Downtown Los Angeles is not our favorite place to travel to. It was no surprise that parking filled up in the main convention center by 10AM. Even panelists and presenters were running late to their event because of the lack of parking. Cars lined up on Figueroa and Pico be it looking for a spot or dropping off cosplayers in front of South Hall. Beggars could not be choosers, parking ranged from $30 to $60 per day. Downtown LA is always a nightmare scenario.
Exploring and people watching at LA Comic Con is always something. We first started out at West Hall which featured video games and anime. We affectionately called this section “Weeb Hall.” Our colleague, Gekinetic, entered a Street Fighter 6 tournament and got his butt handed to him. We stopped by the Gundam mobile van to shop for gunpla; Jared the Greek went home with a high grade Epyon. In this Gundam area, you could also learn how to build gunpla. We saw many tiny human newytpes lined up for this.
Coincidentally, the Gundam mobile shop was next door to the marines. It seemed quite appropriate, but out of place at the same time. Weeb Hall had several military recruiting booths – Coast Guard, Army, Navy, etc. While we get that recruitment is down, it felt that these booths could have been taken up by NIS or other anime themed vendors. Unless the US Navy would like to have a partnership with Azur Lane or the US Army partnering up with Goddess of Victory, that would be another story.
South Hall was where it was at. The lobby had cosplayers and photographers snapping photos. In contrast to Anime Expo, you could breathe in South Hall. There was enough space for folks to take group photos and get single photos. We even had a Spiderman group do random dances in the middle of South Hall lobby and started a Post Malone sing-a-long. South Hall is where LA Comic Con official sanctioned cosplay gatherings occurred. The Star Wars one on Saturday was pretty massive!
South Hall also had the large vendor hall. Artist alley, the main stage, and various nerdy and geeky vendors sold here. There was not much in terms of interactive booths. I really missed the likes of the Hot Topic Nightmare Before Christmas booth from last year, but this was still a good place to buy holiday presents for loved ones. I spent more time in artist alley looking for unique this and that’s for friends and family. I also appreciated the variety of fandom – fantasy tabletop, anime, Marvel, DC, Star Wars, Disney, and more – sold at LA Comic Con. I didn’t appear that one fandom was outdoing the other. I also appreciated the food themed vendors such as Whimsy that gave us our chocolate fix at the end of the con.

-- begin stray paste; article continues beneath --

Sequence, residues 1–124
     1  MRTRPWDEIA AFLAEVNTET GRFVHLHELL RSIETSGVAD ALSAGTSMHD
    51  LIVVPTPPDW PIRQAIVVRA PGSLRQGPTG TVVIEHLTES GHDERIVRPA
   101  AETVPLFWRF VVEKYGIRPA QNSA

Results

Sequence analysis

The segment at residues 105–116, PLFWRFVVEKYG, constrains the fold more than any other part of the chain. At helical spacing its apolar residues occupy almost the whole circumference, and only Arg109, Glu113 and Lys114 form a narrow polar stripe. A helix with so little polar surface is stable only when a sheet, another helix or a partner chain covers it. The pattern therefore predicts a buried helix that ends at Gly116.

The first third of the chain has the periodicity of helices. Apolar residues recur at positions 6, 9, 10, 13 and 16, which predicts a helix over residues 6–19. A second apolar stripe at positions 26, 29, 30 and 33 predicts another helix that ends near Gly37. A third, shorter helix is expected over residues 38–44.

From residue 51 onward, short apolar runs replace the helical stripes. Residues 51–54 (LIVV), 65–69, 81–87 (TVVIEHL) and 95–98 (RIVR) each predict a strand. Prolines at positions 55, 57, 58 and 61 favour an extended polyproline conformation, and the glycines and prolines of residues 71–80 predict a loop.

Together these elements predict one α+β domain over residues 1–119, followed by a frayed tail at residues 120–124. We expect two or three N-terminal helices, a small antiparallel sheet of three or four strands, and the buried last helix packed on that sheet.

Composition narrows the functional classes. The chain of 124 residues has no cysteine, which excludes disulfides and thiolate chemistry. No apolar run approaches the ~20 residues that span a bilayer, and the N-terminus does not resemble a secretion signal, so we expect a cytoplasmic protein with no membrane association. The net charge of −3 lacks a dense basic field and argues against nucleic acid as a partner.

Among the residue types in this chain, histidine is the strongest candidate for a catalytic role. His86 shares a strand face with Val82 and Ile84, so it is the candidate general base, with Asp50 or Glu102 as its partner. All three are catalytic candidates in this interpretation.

I was able to attend professional development themed panels during LA Comic Con. If you are a content creator in the publishing field, panels are a great way to meet likeminded folks and to build your network. I attended the Asian American and Filipino American representation panels with the intention to meet new people and to re-connect with connections made at San Diego Comic Con. The Asian American panel had the founder of Rotten Tomatoes cosplaying as Loid Forger from Spy x Family and an author, Abigail Hing Wei of the Loveboat, Taipei series. I ended up buying a copy of it because Asian American teenage shenanigans intrigue me.
The con had a handful of interesting panels – I wished I could have caught them all. I really wanted to check out the Psychology of Spy x Family as hosted by actual licensed mental health professionals. I did make a new friend at the con, Veronica, and she was hosting Cosplaying Strong Women. I decided to come out and support her and her crew. The panel was talking about bringing your favorite lady characters to life and discussing the politics of character design.
The convention is lighter than the Behemoth that is Anime Expo, but there were points where it did get crowded wherein our crowd anxiety and claustrophobia started to flare up. Anywhere near the entrance of the photo ops zone became a chokehold at certain points. Anytime the Hot Topic stage ended a program, there is a mass exodus of people trying to leave and scatter around the vendor hall. It was so bad, that I started singing to the trailer music to Migration (aka Duck Hunt: The Movie), to try to tune out the crowd.
The vibe of the convention was pretty friendly. I did appreciate seeing families cosplaying together. It did surprise me that I saw not one, but two tween cosplayers dressed up as Griffith from Berserk. Not one fandom was dominating over the other. When it comes to fandom, I did see a ton of One Piece, Dragonball, Marvel, Star Wars, and Disney represented at this event. I ended up cosplaying from 2023 movies that were the highest grossing movies lead by women.
Overall, LA Comic Con is one of those “must see” and “must go” events if you identify as a nerd in the Greater Los Angeles area. There’s a lot to explore in both South Hall and West Hall. There’s a lot of amazing cosplayers to get photos of (and with). I also appreciated the availability of places and spaces to sit down if we needed to catch a break. Otherwise, I do recommend checking out LA Comic Con if you’re from the area.